In this definition...
What is a driver?
A driver is a program that enables communication between an operating system (OS) and a hardware component or software application. Every computer uses multiple drivers to control the various installed hardware components and applications.
Without these drivers, the hardware and software will not function properly, and in some cases may not be able to function at all. There are two primary types of drivers: device drivers and software drivers.
How does a driver work?
Drivers are files that send requests from an OS to hardware or applications to instruct them on how to function. The drivers translate the communications from the OS into a format that is understandable by the hardware or application.
Device drivers are designed to communicate between an OS and a device. These drivers are typically created by the same company that manufactured the device. However, when a device driver is are created by a third party, it is designed according to a published hardware standard.
Not all device drivers communicate directly with the device itself. In some cases, there are several drivers layered in a stack that enable communication. The drivers on each end of the stack will communicate directly with either the device itself or the OS. The function driver communicates directly with the device. The drivers in between manipulate the communication into different formats that can be understood by the machine. These are called filter drivers.
What devices use drivers?
The vast majority of devices and software that connect to a machine require a driver to operate. Here are some of the most common devices that require drivers:
- Storage devices – HDD and SSD
- Sound cards
- Video adapters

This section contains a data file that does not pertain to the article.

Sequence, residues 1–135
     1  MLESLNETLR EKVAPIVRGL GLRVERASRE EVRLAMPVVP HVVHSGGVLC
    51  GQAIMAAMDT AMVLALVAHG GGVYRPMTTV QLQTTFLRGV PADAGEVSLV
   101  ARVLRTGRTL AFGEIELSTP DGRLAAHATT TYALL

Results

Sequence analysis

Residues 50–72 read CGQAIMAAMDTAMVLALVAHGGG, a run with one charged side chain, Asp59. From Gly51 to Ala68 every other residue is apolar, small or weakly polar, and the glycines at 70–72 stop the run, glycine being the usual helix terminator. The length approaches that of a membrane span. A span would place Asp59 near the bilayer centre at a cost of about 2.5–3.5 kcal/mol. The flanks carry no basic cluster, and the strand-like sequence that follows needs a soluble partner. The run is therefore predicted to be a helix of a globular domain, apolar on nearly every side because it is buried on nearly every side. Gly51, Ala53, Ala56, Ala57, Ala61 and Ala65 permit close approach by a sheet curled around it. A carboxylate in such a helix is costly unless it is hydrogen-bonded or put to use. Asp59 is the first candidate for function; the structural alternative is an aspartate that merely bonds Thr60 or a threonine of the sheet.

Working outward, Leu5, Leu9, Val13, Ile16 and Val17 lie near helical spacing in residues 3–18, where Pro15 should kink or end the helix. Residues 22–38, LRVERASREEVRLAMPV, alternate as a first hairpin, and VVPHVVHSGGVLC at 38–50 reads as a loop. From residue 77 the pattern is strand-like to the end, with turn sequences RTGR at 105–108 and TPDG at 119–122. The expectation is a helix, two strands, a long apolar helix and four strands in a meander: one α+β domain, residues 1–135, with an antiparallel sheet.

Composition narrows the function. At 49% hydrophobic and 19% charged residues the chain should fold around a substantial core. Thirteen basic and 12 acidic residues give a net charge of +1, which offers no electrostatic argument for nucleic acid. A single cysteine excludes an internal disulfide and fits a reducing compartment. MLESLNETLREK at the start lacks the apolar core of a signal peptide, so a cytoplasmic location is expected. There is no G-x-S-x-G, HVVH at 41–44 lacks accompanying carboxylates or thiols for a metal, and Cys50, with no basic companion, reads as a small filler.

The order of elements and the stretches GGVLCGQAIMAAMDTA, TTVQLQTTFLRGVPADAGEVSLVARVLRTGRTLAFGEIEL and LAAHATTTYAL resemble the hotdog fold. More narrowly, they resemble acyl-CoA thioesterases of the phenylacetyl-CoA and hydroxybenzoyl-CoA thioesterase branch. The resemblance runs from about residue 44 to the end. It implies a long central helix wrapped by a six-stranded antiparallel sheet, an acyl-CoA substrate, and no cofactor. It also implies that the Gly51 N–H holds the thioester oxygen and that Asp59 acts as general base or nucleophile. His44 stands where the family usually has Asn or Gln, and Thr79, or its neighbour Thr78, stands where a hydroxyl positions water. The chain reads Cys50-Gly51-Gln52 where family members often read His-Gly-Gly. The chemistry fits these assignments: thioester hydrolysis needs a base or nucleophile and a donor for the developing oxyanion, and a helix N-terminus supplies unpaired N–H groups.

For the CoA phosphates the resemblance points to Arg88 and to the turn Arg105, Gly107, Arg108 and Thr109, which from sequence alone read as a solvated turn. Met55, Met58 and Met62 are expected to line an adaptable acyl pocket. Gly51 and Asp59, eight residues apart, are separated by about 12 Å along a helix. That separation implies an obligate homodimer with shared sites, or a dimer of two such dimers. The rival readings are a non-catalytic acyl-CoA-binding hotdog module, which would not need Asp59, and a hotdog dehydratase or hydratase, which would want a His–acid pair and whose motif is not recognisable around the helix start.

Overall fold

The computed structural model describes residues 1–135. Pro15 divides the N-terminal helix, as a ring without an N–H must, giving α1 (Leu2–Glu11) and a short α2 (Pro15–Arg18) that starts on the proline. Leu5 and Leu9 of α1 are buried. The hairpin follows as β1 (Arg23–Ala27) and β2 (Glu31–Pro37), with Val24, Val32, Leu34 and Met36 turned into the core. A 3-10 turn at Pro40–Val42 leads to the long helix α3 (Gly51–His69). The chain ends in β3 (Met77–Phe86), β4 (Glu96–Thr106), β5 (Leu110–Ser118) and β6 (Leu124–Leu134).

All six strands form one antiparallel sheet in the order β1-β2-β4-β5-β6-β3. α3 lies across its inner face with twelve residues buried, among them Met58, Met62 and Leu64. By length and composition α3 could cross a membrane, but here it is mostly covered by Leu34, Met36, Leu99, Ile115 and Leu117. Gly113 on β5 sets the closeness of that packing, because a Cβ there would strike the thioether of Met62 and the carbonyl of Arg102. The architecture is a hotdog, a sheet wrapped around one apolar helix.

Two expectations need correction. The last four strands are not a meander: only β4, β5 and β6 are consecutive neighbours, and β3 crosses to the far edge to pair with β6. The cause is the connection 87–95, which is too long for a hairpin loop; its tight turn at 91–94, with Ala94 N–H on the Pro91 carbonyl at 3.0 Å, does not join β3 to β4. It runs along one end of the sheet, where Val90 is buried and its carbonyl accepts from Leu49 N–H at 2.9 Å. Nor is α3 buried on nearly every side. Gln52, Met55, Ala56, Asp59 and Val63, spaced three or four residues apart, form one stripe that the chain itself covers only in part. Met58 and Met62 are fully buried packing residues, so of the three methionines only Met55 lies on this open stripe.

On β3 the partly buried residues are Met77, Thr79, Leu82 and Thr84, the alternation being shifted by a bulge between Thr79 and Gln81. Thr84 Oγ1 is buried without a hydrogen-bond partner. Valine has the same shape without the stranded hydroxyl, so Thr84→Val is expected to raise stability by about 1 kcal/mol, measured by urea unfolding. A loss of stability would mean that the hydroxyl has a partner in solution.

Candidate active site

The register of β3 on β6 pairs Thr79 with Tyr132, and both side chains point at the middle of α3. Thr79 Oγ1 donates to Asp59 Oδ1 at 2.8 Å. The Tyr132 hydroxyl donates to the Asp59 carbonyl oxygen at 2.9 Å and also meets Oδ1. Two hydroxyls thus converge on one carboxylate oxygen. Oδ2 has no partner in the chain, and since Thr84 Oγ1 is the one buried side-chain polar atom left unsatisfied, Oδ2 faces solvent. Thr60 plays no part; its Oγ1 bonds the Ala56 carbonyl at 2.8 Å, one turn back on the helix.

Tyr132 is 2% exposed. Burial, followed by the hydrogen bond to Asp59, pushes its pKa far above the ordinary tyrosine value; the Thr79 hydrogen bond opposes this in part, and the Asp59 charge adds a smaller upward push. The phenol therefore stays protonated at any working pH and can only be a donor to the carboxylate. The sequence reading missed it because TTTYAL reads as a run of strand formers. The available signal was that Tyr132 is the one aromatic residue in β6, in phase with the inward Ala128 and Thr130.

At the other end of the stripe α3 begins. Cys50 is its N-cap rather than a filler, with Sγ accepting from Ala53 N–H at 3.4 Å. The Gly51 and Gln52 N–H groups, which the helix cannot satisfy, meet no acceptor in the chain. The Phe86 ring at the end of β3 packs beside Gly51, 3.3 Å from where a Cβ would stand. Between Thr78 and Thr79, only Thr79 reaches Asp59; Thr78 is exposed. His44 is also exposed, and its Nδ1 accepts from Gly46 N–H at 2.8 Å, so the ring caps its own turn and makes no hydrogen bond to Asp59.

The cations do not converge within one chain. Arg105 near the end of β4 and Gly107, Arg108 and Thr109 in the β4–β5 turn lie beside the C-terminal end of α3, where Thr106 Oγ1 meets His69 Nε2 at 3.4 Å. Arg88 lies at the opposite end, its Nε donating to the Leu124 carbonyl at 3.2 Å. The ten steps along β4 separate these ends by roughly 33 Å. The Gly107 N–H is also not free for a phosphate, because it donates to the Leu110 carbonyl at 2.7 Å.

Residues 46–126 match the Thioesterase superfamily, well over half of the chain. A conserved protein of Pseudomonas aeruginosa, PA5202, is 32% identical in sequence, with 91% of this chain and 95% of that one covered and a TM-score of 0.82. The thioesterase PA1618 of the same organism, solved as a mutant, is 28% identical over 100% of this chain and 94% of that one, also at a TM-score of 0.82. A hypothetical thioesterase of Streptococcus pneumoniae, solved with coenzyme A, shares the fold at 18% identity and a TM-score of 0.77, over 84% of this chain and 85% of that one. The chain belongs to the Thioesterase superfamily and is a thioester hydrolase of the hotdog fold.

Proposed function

- Digital cameras
- Card readers
- Motherboard chipsets
- Network interface cards
Unlike device drivers, software drivers are not associated with hardware devices. These programs enable communication between OS and software applications. The main purpose behind software drivers is to enable or disable access to protected data that is only available to programs in kernel mode. As a result, software drivers virtually always run in kernel mode.
Kernel mode vs. user mode
Both device and software drivers have the ability to run in both kernel mode or user mode. User mode is the general-purpose option and is used to carry out most communication. It also has the benefit of offering better stability than kernel mode.
Kernel mode is primarily used by the device’s core operating system components for accessing protected data. Drivers in kernel mode are implemented as discrete, modular components with well-defined functionalities. These drivers are also preferred for low-latency networking applications.
Virtual device drivers
Virtual device drivers are relatively new technology. They use virtualization technology to emulate a hardware device in virtualized environments on hybrid or cloud networks. They give guest operating systems the illusion of accessing hardware.
Drivers are often updated by the manufacturer for multiple reasons. Manufacturers often discover glitches or errors called bugs that can be fixed with an update. Updates can be used to add new features to a device or increase its performance. Security patches are also implemented through updates to remove vulnerabilities.